Interview: Temel Kotil

Are Turkish carriers facing increased competition in the domestic market from international players?

TEMEL KOTİL: We have two markets in which we compete. One is the Turkish market, including domestic point-to-point traffic, and the second is the global transfer market. In the former, we have about 60% of the market and this is growing because Turkey has a healthy economy, which is encouraging more people to travel – both internally and internationally. In terms of international competition, we are not facing other airlines directly at home, but are rather competing on a network-wide basis – so the Turkish Airlines network is competing with the networks of other airlines.

Competition does not focus on a single product, but a mix of offerings. For instance, it is not only about competing for passengers flying between Europe and Turkey, but also those travelling between Europe and other destinations via Istanbul. Our network consists of several regions, so that overall success depends on the mixture of elements, but is not fully dependent on any single one. This arrangement also protects us from a downturn or problem in any single region.

Given the high costs of fuel and the volatility of the lira, how will Turkish Airlines fulfil its goal of posting sustainable 15% growth through 2015?

KOTİL: We faced the fuel problem in 2008 when the prices were already high. This is unfortunate, but it is a reality: when fuel prices go up, all the costs go up. It is a fact of the economy and affects all airlines. However, even though costs rose, income also grew and 2008 was our best year. We were listed as the sixth-most profitable firm in terms of operational income, and we were the sixth-biggest airline at that time.

Fuel prices went up, so fares went up, but as our overall costs were more favourable than our competitors, we were able to raise fares and still attain a good margin of profit. We are facing a similar situation now, so it depends on the strategy for controlling other costs that makes a difference when fuel prices fluctuate.

Whenever the lira fluctuates, it hurts us. A steady exchange rate is better. Some 80% of our income is dollars and euros, so the lira fluctuation is not affecting the income. But our accounting is in liras, which means our debts in euros and dollars become problematic.

Because we have debts in foreign currencies, and must account for those in Turkish liras, we are seeing effective income losses at the bottom line. So, we focus on producing more cash, which maintains operational profits and results in a stronger position.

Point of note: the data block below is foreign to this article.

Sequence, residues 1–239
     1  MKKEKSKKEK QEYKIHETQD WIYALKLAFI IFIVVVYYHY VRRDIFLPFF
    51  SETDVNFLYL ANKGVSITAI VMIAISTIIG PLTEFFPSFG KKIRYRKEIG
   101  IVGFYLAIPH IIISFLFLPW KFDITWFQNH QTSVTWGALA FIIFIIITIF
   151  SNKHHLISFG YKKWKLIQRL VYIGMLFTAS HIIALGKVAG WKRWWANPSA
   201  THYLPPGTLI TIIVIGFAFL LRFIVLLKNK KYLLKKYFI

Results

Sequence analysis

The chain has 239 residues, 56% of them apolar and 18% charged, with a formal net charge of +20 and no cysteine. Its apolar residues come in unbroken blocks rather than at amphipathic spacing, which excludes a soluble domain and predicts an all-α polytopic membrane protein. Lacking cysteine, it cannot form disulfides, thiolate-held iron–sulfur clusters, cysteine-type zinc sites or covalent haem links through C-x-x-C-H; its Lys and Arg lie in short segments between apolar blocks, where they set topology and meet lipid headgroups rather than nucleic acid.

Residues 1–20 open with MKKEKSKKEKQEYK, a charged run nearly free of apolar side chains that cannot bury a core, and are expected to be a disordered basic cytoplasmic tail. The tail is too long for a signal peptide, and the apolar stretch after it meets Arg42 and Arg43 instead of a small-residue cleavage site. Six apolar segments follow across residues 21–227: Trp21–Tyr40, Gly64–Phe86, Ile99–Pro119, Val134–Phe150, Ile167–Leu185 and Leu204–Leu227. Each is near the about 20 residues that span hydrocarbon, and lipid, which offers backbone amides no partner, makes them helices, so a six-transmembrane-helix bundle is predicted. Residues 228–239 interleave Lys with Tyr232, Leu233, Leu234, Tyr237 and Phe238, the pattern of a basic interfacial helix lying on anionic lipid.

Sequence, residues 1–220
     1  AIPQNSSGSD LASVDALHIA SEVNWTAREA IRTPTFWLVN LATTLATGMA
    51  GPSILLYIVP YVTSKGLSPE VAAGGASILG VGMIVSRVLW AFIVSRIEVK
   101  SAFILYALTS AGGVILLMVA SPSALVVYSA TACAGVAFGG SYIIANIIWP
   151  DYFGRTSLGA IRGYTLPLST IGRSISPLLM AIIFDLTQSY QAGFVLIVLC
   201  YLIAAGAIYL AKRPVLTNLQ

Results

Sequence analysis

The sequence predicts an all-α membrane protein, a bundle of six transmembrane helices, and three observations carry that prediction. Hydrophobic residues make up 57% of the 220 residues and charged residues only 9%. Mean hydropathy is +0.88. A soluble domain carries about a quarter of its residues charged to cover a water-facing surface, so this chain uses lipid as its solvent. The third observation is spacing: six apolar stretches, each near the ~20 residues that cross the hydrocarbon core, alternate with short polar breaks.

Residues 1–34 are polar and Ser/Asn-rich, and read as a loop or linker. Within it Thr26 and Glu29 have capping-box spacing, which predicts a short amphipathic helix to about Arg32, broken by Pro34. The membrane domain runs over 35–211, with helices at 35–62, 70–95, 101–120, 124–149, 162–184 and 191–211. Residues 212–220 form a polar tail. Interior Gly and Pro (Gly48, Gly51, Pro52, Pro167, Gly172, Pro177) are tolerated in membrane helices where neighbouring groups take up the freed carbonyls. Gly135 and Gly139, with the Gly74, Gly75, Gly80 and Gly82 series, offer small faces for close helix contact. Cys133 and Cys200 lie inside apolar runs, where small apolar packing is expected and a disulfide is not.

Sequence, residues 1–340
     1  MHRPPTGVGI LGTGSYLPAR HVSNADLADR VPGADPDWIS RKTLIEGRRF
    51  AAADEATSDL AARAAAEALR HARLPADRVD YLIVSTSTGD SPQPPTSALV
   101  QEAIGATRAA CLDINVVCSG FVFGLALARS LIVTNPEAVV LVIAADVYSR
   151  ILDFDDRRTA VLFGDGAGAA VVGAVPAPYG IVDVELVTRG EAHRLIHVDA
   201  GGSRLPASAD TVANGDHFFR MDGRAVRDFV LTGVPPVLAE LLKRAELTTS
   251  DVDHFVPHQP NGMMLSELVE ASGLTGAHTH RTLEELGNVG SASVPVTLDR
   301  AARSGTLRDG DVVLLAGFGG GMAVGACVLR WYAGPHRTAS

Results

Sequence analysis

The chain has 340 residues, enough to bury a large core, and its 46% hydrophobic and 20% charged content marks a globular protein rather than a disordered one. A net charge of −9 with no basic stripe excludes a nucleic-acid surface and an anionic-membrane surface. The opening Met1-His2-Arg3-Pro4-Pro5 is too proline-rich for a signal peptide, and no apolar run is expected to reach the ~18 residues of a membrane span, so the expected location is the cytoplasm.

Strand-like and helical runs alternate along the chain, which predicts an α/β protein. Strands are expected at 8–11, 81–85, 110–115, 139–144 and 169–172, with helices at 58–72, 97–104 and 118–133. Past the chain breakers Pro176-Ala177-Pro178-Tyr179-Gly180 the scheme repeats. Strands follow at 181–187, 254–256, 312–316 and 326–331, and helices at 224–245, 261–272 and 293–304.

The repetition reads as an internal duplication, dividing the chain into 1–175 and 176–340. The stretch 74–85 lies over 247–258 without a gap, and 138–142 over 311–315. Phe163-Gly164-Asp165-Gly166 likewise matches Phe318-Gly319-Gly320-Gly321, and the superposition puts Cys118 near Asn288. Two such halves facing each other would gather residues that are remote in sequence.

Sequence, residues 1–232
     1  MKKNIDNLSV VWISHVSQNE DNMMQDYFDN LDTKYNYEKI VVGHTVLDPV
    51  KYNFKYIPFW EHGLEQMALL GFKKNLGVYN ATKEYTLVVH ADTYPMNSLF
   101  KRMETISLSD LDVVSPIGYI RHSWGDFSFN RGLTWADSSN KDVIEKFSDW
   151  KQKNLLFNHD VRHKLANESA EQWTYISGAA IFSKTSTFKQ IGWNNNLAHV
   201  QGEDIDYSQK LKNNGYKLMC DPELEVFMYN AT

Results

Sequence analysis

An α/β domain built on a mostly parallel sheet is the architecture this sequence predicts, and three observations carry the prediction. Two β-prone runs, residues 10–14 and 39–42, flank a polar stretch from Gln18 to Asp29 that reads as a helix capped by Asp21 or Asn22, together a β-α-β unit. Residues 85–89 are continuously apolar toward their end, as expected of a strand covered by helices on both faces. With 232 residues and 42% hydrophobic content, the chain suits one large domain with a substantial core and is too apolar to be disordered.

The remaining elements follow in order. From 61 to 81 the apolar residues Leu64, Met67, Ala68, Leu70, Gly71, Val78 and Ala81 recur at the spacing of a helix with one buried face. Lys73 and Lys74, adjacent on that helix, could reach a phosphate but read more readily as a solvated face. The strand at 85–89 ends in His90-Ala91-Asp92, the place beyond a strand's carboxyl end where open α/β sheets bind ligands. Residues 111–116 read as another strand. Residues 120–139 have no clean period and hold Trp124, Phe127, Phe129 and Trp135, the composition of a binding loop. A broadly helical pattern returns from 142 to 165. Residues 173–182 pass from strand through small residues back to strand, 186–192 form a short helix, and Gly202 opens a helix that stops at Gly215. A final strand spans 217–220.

How much of an effect does the government’s foreign policy have on the growth of Turkish Airlines?

KOTİL: One area where the government has a dramatic effect is in issuing visas and relaxing visa requirements.

For instance, the Russia-Turkey market is massive, and even before the visa regulations were relaxed there was significant travel between the two countries. However, all Turkish visitors to Russia used to have to apply for a visa and wait about two weeks before travelling.

Today, we can just go and enter Russia without any delay. The same is also true for Russian visitors to Turkey and other countries, particularly in the Middle East, which supports the growth in that market.

The relaxation of visa requirements has made Turkey an important place to come and do business. That means more people are coming here, increasing the passenger loads. As loads rise, we will be able to handle a rise in frequency more easily. It improves the product and boosts the effectiveness of the whole network.

Ties between Turkey and the European markets are robust. The strongest has traditionally been the Germany-Turkey market, but today the Italy-Turkey and the Spain-Turkey markets are catching up to the pole position. The Russian market will most likely be the strongest in the near future. Airline business is shifting, but the biggest growth is in the niche markets, because the smallest increases have a greatest impact there. The Africa-Turkey market is booming and expanding massively as Turkey opens embassies on the continent.